“I slept but my heart was awake.”
Songs of Solomon 5 v 2
In Songs of Solomon we have a glorious story of Christ wooing his bride, the church and as ‘the Love of Christ’ by Richard Sibbes will show you it deals with all aspects of the Christian life in its up and downs. In Chapter 5v2 we have a picture of a Complacent Christian: a Christian who sleeps, a Christian who is lethargic, a Christian who has grown lazy and apathetic in the fight of faith. I have been this Christian before and no doubt, knowing my weakness, I will be this Christian again. It is not a good place to be; in fact, and I don’t say this lightly, the most frustrating and, in hindsight, joyless times of my life where when I was in this sleepy state.
It is a deadly state to be in because you never realize at the time what a deadly state you are in. As the second part of the verse says: your heart is awake, you are still a Christian, you still love God, you still pray, still do Christian stuff, still acknowledge Christ as your Saviour, and you’ve probably fooled a lot of others and yourself that you’re doing fine. But you’re not; you can’t be for you have fallen into a spiritual sleep. The source of this sleep is always in sin, some worldly vanity that has distracted you and dulled your senses to the things of God. You begin to coast in your Christianity, neither giving it up nor putting much effort in. Your earnest desire is not to seek God out but be comfortable in life. Prayer and Bible reading become less important, spending time with God less necessary, church can become more social than spiritual, and you don’t realize it.
I don’t like suffering, I’m fairly sure this isn’t an uncommon view, indeed, pleasant suffering is an oxymoron. In fact, suffering sucks, whatever it might be whether physical, mental, emotional – there is nothing nice about being in pain, grief, sorrow or anguish. And there are those of you out there who are going through hard times and I’m not here to tell you that you should go around with a huge big happy smile on your face, I’m not saying that you shouldn’t cry (for as the shortest verse in the Bible says: Jesus wept) and I’m not saying that you shouldn’t come before God and pour out your grief, pain, loss and trouble to him for such complaints he cannot helped but be moved by for the compassion and love of God is steadfast. This world we live in carries on it the curse of sin and this is made known with every ache of pain, every grief, every sorrow, every heavy beat of the heart, all point to the fallen nature of this earth and the men and women on it. And let’s face facts: it might not be alright, in this life at least there’s no guarantee that everything will turn out fine. It is through ‘great tribulation’ that we’ll make it to heaven as Jesus said. And it might seem cruel of me to talk about the joy of suffering when you you know is pain.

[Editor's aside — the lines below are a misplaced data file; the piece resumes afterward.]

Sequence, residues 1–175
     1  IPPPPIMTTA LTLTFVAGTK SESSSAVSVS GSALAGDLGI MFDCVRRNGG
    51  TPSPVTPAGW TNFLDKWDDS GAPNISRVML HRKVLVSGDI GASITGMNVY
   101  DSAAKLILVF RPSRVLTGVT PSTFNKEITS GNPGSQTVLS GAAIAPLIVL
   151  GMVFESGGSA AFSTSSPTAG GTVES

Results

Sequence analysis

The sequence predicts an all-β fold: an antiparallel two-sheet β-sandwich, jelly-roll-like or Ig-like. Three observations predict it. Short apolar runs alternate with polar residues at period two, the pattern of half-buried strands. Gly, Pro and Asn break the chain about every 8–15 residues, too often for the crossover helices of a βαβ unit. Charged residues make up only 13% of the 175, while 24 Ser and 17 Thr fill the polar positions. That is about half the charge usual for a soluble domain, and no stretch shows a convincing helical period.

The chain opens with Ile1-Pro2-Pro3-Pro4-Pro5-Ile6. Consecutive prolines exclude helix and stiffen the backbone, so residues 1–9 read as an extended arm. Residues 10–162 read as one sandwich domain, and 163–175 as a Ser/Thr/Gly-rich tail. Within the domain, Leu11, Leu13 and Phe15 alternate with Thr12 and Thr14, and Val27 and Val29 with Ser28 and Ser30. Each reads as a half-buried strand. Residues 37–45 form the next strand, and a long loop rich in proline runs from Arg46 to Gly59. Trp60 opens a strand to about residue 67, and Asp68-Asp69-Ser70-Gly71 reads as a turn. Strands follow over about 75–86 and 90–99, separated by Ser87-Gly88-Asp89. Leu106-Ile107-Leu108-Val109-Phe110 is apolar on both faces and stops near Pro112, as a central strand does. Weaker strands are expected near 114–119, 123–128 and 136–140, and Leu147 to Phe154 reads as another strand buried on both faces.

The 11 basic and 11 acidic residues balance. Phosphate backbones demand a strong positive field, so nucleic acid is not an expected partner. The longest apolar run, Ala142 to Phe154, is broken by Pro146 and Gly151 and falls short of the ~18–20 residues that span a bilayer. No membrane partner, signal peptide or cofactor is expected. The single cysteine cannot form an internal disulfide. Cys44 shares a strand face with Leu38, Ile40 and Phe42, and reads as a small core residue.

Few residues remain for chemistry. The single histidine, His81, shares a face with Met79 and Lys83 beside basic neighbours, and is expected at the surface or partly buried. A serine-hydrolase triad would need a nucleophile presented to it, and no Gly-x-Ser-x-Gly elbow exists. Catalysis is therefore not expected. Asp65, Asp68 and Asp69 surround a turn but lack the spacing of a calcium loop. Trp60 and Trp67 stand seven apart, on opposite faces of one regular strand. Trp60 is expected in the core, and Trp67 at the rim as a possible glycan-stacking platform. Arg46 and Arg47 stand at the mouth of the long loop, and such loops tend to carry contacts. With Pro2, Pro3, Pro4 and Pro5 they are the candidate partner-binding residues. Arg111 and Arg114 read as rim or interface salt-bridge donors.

How then can there be joy in suffering? How can we both accept suffering for the pain it is and yet have joy? The first thing to stress is that this is not natural; this is not a human thing for the only joy a man could naturally find in suffering would be a false comfort. Outside of Christianity, outside of Jesus Christ, there is little comfort for those suffering other than the ‘sweet oblivion’ of death which is a terrible lie.
“Consider it pure joy, my brothers and sisters, whenever you face trials of many kinds, because you know that the testing of your faith produces perseverance. Let perseverance finish its work so that you may be mature and complete, not lacking anything.” James 1 v 2-4
We have not known Thee as we ought,
Nor learned Thy wisdom, grace and power;
The things of earth have filled our thought,
And trifles of the passing hour.
Lord, give us light Thy truth to see,
And make us wise in knowing Thee.
We have not feared Thee as we ought,
Nor bowed beneath Thine awful eye,
Nor guarded deed and word and thought,
Remembering that God was nigh.
Lord, give us faith to know Thee near,
And grant the grace of holy fear.
We have not loved Thee as we ought,
Nor cared that we are loved by Thee;
Thy presence we have coldly sought,
And feebly longed Thy face to see.
Lord, give a pure and loving heart
To feel and know the love Thou art.
We have not served Thee as we ought,
Alas, the duties left undone,
The work with little fervor wrought,
The battles lost or scarcely won!
Lord, give the zeal, and give the might,
For Thee to toil, for Thee to fight.
When shall we know Thee as we ought,
And fear and love and serve aright?
When shall we, out of trial brought,
Be perfect in the land of light?
Lord, may we day by day prepare
To see Thy face and serve Thee there.